Posted in Art, Culture, Travel, Trekking and Mountaineering

on journeys of infinitesimals…

Every block of stone has a statue inside it and it is the task of the sculptor to discover it. 

Michelangelo

When it comes down to it, a painter or sculptor is but a disciple of geometric forms, working in combinations of arcs and angles to create visual tangibilities on a variety of canvasses…

Watching a group of artists working intently on the frescoes in a temple roofed over by a giant 70 m statue of Shakyamuni Buddha (the temple was inaugurated a year after our visit by the Dalai Lama, built from funds pooled in by Ladakhi ex-servicemen, maybe an elegy to the devastating floods of 2014), I wondered if form preceded colour… for all the colours have to do was to meander along the contours defined by charcoal…

I pondered on the possibility of sitting put around the scaffoldings and watch the artisans in a verdant demonstration of patience and mathematical rigour, a swansong of abstractions… but then we were only acclimatising, and while the others had been loafing around in their Royal Enfields around these parts for a good ten days, I had to make do with one (blame those flight prices) before trudging up Stok Kangri, thus skipping lunch was not an option…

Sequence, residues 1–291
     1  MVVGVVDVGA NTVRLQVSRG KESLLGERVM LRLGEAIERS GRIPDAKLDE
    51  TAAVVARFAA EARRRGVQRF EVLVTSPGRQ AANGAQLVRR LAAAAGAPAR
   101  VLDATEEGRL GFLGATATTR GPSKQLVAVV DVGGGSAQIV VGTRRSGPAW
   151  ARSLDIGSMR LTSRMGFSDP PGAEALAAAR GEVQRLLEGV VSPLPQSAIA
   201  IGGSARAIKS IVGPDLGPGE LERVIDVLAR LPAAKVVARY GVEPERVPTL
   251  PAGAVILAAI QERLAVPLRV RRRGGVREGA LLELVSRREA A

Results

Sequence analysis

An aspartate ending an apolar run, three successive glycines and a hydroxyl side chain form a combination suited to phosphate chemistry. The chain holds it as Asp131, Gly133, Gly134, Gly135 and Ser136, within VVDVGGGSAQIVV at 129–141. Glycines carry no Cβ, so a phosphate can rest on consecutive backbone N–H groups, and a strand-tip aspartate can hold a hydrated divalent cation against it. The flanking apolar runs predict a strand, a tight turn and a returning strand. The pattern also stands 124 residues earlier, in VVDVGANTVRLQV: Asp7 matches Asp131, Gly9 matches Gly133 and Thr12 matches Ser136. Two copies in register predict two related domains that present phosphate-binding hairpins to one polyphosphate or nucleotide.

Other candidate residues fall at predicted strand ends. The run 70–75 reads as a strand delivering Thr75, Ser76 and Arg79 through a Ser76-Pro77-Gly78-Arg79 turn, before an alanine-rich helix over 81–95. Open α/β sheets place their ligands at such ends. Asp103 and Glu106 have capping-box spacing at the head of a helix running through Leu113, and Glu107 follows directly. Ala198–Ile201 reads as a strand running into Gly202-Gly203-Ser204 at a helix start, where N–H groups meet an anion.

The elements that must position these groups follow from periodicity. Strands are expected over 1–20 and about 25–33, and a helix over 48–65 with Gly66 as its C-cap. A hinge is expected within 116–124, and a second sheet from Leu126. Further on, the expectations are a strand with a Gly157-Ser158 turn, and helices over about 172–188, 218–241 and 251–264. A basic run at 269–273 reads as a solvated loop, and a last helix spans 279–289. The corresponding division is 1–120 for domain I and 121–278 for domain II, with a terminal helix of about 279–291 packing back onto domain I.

Monasteries have been rather befuddled I feel, the Himalayan ones especially, partly because they reside in some of the most enchanting landscapes… by the same argument though, their complex visual tapestries are often overlooked due to the same scenery… but if images be fuelling imaginations, paintings be the ones to bring perspective…

Temple near Stok Monastery, Ladakh Himalayas, Jammu & Kashmir, August 2015…

Parth Joshi

Allured by the outdoors, the author is made up in parts of that quintessential lost soul wreathing under the pangs of biophilia in a desk job, a wannabe elegist mostly ending up in dungeons of poetasters and an optimist waiting for the senility of the modern world to fade away while sampling shoots and leaves.

In saner times, he has a keen interest in areas pertaining to tourism, history, agriculture and climate change, especially with respect to historical interpretations, emerging technologies and future livelihoods.

An avid trekker, runner, cyclist, birder and photographer, he is more often than not found gloating over anything hinterland, on foot or over computer monitors, and fantasizing solutions that can foster ‘inclusive’ growth and sustainable livelihoods for communities at the grassroots.

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